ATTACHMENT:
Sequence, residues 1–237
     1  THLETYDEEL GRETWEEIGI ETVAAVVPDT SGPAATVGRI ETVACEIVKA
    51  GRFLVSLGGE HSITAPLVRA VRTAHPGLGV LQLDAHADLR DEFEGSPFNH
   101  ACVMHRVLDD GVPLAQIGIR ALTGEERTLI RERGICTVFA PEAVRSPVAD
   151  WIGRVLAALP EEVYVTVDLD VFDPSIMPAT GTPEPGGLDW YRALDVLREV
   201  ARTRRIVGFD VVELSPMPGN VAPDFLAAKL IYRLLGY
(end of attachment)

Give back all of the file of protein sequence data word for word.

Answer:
Sequence, residues 1–237
     1  THLETYDEEL GRETWEEIGI ETVAAVVPDT SGPAATVGRI ETVACEIVKA
    51  GRFLVSLGGE HSITAPLVRA VRTAHPGLGV LQLDAHADLR DEFEGSPFNH
   101  ACVMHRVLDD GVPLAQIGIR ALTGEERTLI RERGICTVFA PEAVRSPVAD
   151  WIGRVLAALP EEVYVTVDLD VFDPSIMPAT GTPEPGGLDW YRALDVLREV
   201  ARTRRIVGFD VVELSPMPGN VAPDFLAAKL IYRLLGY